- Dan Rafael, ESPN Senior Writer
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Maybe outside of the 1980 U.S. Olympic hockey team's upset of Russia in Lake Placid, N.Y., I view Buster Douglas' 10th-round knockout of Mike Tyson to win the undisputed heavyweight championship as the biggest upset in sports history.
That shocker in Tokyo took place 23 years ago on Monday, which got me thinking about how I didn't see the fight until a week after it happened and how, at first, I didn't believe that Douglas had pulled the unimaginable upset.
I was a sophomore at Binghamton University, and it was a big sports weekend: Tyson was fighting, which was always huge, and there was also the NBA's All-Star Saturday night -- including the dunk contest, which was a big deal back then.
In those days (yeah, I'm feeling old right about now), there was no Internet or smartphones to easily keep tabs on news and sports. No one had cable television in their dorm rooms. The only cable TV available was in the dorm's main lounge, and HBO wasn't part of the package. So the plan was to go with some friends to a buddy's place off campus to watch the fight and the dunk contest.
I never made it. I got really sick that Friday -- I think I had the flu. Whatever it was, I missed the fight and the dunk contest. I was probably out cold by 6 p.m. When I woke up the next morning, my roommate said something like, "You're never going to believe what happened last night -- Mike Tyson got knocked out."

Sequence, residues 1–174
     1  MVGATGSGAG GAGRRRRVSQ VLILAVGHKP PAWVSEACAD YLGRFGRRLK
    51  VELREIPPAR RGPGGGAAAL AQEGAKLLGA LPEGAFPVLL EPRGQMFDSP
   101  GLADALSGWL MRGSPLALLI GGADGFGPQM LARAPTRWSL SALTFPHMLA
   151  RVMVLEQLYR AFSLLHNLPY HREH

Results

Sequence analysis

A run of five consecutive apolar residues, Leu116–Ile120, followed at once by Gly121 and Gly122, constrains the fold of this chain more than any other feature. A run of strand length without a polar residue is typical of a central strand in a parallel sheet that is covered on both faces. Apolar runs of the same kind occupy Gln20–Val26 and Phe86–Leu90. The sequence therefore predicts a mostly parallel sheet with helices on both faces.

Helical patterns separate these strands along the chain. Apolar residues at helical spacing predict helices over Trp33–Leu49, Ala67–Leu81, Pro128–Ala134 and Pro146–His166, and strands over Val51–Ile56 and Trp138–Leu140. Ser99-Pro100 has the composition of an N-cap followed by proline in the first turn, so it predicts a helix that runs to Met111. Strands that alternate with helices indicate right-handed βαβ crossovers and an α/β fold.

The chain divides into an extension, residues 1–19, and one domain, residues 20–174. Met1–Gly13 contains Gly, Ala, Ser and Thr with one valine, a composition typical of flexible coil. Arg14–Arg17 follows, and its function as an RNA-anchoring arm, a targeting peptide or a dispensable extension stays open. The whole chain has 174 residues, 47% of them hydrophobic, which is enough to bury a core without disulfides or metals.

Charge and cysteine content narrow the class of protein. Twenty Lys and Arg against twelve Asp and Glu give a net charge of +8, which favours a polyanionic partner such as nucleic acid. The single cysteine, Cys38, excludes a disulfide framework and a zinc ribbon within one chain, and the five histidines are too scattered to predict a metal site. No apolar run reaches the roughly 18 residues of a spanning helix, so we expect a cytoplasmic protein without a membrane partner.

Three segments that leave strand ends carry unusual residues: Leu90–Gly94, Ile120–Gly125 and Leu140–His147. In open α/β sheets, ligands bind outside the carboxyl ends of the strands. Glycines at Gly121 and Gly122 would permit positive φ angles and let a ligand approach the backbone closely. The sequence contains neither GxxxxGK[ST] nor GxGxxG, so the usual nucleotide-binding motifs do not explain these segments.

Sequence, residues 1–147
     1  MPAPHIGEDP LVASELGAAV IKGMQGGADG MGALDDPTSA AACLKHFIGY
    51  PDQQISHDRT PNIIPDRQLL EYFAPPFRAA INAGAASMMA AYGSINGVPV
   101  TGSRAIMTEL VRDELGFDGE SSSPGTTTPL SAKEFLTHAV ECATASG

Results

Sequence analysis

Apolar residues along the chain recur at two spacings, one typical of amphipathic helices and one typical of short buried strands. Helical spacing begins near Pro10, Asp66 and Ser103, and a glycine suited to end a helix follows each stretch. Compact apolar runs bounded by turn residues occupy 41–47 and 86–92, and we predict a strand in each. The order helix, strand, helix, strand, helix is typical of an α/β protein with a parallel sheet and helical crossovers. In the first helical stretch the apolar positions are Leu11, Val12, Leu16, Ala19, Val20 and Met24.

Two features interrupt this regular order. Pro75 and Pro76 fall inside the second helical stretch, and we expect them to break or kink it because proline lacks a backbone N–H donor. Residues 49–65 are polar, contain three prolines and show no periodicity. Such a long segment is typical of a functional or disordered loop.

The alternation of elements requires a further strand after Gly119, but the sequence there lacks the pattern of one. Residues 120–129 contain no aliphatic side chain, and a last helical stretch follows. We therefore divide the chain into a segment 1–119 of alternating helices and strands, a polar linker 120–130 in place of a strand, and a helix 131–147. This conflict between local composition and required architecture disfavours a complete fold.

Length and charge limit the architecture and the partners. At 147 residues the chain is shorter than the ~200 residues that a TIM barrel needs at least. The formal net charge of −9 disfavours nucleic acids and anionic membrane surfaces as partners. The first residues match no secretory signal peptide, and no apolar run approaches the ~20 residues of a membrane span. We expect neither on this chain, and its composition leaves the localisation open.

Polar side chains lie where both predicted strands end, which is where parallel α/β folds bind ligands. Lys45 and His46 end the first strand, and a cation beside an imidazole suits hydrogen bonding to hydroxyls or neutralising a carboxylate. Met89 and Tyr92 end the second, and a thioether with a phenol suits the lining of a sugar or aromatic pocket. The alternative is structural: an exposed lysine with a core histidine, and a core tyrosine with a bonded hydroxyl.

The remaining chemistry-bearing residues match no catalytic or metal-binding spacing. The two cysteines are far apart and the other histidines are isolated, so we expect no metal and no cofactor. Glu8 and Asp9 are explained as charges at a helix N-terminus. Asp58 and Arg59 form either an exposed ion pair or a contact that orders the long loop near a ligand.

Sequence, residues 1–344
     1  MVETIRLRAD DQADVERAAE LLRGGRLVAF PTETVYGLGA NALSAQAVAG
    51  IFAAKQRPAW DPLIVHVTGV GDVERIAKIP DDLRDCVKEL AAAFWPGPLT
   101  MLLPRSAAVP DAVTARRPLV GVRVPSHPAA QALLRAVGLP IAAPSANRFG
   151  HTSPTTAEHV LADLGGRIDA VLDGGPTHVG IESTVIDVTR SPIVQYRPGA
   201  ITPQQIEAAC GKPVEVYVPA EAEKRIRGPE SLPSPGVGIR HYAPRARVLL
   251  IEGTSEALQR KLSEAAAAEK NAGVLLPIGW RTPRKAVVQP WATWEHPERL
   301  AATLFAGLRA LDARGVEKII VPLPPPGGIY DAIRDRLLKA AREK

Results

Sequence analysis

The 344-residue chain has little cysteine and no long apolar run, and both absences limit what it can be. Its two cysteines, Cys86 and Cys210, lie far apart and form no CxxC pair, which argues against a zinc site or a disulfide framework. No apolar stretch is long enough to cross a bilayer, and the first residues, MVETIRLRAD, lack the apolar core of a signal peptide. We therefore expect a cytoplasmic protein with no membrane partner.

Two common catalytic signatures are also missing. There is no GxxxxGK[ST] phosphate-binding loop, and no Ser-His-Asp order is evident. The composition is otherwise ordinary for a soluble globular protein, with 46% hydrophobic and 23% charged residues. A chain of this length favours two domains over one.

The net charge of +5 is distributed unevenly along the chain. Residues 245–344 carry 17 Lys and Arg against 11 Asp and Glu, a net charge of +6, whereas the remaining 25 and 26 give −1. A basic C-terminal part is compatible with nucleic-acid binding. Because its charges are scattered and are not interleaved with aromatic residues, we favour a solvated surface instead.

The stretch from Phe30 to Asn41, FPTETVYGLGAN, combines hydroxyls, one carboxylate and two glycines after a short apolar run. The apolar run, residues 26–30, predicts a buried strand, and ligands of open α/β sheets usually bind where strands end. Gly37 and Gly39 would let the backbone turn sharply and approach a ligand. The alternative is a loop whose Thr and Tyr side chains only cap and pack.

I didn't believe him. I thought he was full of it and just giving me the business because he knew I was so ticked off that I had missed the fight.
He swore up and down that Tyson had been knocked out. I hadn't even conceived of it being a possibility. And because there was no Internet to check and no access to sports news on a Sunday morning on any of the four channels in our dorm, I told him he had to prove to me that Tyson got knocked out.
He went out to the student union and bought the newspaper and brought it back -- proof indeed that Tyson had been dethroned by a guy not expected to last even a round or two.
Back in those days (again, I'm feeling old), HBO didn't usually replay its fights. In general, you watched it live or you wouldn't see it. But because Douglas' upset of Tyson was so monumental, HBO announced it would replay the fight the following Saturday. I had read about it in USA Today, so I made the roughly three-hour drive from Binghamton to my mom's house near Albany, N.Y., to watch the replay (and brought a big sack of laundry, too).
So a week after the upset of upsets, I finally got to see with my own eyes that Douglas had indeed done the unthinkable and knocked out Tyson.